The comments by this author to questions posted on Avvo are designed to foster a general understanding of what might be the law governing the area of the legal problem stated and suggest what might be the approach to finding a legal solution. Under no circumstances is this author acting as the attorney for the party who posted the question or as the attorney for subsequent readers to the question or response and no attorney client relationship is being formed. This attorney's comments are not intended to be a substitute for getting legal advice from a licensed attorney. A reader of this author's comments should never act on the information provided in these comments as though these comments were legal advice and should always seek legal advice in a personal consultation with an attorney in their jurisdiction before taking action. The information provided here is not intended to cover every situation with similar facts. Please remember that the law varies between states and other countries and is always changing through actions of the courts and the Legislature.

Asker

Posted

Thank you.

Asker

Posted

I can understand why alot of defendants would ignore the demand but a business owner who stands to lose contracts by way of media exposure to a horiffic allegation just baffles me.

Joanne Reisman

Joanne Reisman

Posted

You are welcome and good luck.

Joanne Reisman

Joanne Reisman

Posted

Here is the flip side - your demand may be viewed as blackmail by someone that believes they are innocent or at least intends to claim they are innocent. There may indeed be media exposure listing you as a black mailer. There are many ways this can play out and it doesn't necessarily have to be the way you think it should. Those of us on Avvo can't really help you since we don't have access to all the facts. We can only speculate and this is not a good way to get legal advice. You need to follow the suggestion I made earlier - talk to your lawyer and if that doesn't satisfy you, pay another lawyer to give you a second opinion. But you can post all day long here on Avvo and unfortunately I don't think it will ever resolve your questions.

Asker

Posted

You are right.. but I have received alot of great information on this site which I appeciate.. I would normally direct all these qustions to my own lawyer but unfortunately he is harder to get ahold of than Jusin Bieber tickets right now..er,( for my kids of course) lol. Thanks again Ms. Reisman.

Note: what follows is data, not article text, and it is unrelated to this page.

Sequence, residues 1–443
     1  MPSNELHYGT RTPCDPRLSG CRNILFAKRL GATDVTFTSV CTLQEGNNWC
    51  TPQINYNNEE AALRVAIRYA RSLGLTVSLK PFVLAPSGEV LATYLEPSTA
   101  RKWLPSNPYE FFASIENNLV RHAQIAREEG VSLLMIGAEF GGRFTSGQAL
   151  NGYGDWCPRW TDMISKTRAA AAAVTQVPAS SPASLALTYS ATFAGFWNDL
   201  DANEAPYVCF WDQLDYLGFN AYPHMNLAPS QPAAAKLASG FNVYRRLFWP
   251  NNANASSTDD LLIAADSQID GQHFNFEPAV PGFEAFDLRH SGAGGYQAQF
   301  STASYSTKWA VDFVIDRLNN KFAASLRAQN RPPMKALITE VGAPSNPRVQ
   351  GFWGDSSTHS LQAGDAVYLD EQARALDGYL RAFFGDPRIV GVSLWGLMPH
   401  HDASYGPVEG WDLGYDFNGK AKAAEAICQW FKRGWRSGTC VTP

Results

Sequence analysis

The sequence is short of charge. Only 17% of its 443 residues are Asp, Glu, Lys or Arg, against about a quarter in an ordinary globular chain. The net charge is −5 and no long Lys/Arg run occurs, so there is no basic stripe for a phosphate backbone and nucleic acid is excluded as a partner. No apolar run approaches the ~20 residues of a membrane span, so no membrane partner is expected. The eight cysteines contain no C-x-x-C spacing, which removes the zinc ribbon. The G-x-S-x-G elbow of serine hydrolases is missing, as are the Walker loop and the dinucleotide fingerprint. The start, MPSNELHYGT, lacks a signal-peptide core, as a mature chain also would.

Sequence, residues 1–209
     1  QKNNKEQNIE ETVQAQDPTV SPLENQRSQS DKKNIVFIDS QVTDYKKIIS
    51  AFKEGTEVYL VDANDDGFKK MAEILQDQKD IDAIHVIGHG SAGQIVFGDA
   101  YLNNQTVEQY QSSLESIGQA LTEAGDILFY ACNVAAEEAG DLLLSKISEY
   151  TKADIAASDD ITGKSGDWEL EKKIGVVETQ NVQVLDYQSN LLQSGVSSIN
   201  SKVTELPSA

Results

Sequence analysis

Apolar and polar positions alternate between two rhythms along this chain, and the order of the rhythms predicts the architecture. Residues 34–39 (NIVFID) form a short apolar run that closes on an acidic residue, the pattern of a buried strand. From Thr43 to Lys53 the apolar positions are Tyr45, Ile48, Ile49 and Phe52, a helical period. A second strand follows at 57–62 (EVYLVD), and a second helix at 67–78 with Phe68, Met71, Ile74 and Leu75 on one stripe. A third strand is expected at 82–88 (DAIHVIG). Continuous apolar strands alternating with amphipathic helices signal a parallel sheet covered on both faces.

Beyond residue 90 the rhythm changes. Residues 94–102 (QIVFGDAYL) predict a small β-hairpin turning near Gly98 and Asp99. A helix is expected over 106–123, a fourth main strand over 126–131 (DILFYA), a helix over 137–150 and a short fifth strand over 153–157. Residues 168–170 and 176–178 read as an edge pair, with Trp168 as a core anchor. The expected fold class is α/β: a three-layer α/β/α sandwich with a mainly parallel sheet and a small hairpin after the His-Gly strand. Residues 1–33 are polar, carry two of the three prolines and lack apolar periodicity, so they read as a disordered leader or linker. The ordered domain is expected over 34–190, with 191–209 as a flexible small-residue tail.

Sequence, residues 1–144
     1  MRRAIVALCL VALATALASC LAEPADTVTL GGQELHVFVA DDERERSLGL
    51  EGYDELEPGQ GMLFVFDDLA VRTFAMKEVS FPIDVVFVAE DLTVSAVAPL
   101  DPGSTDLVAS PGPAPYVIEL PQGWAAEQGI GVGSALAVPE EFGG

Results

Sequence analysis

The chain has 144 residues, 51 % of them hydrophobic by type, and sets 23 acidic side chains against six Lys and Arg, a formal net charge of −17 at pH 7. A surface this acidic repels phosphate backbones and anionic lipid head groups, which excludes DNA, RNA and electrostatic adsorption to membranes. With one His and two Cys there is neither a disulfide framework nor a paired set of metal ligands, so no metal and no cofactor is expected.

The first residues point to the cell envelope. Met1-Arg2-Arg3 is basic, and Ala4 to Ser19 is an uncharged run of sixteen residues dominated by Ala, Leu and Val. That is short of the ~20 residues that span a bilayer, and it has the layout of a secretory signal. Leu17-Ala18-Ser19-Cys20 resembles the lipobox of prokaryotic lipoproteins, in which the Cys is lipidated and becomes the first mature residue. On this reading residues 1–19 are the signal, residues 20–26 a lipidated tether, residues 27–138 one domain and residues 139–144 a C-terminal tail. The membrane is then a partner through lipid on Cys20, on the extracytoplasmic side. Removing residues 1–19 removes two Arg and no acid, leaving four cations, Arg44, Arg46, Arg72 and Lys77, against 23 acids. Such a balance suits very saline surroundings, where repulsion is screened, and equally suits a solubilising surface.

Posted

The majority of lawyers haven't stepped foot in a courtroom, and I hope your attorney has trial experience, or you would want to retain a lawyer with a proven track record. The defendant will need to answer a lawsuit complaint. A lawyer should file a complaint immediately, so you don't waste more time.

Only 29% Contingency Fee! Phone: 215-510-6755 www.InjuryLawyerPhiladelphia.com

Joanne Reisman

Joanne Reisman

Posted

Unfortunately true - there is a lack of experienced trial attorneys. The flip side of that is an inexperienced attorney may have been hoping to scare up some money with a demand and not have properly advised their client of the costs of litigating a case and the risks of losing. They may not go forward with the lawsuit after all especially if they are not willing to advance the costs for their client and take the risk. (Our courts are trying out a 6 man jury fast track system to encourage more attorneys to try cases. Not sure if it's working. Mandatory arbitration sort of killed the chance to train on smaller cases.

Asker

Posted

How interesting. So if my lawyer lacks trial experience and his intention was to go for the quick "slam dunk" settlement then I shouldn't be surprised if this defendant calls bluff and my lawyer who is working on contingency drops me when the time comes to file the suit? Yikes.

Joanne Reisman

Joanne Reisman

Posted

Yes, your lawyer could drop your suit. On the other hand they may file and go forward but not know what they are in for and may not have the funds to properly fund the suit, and may not have the experience to be effective in the trial. On the other hand you may have a brilliant lawyer that does an excellent job. All you can do is sit down and talk to your lawyer about the case. You can always talk to another lawyer to get a second opinion on the case, although you should probably expect to pay for the second lawyers time. There are some lawyers in town that specialize in child abuse and sexual abuse cases. You can probably figure out who they are by googling some key words since these cases often end up in the news.

Avvo personal injury email series

Sign up to receive a 3-part series of useful information and advice about personal injury law.

Personal injury topics

Recommended articles about Personal injury

What others are asking

Can't find what you're looking for?

Post a free question on our public forum.

Ask a Question

- or -

Search for lawyers by reviews and ratings.

Find a Lawyer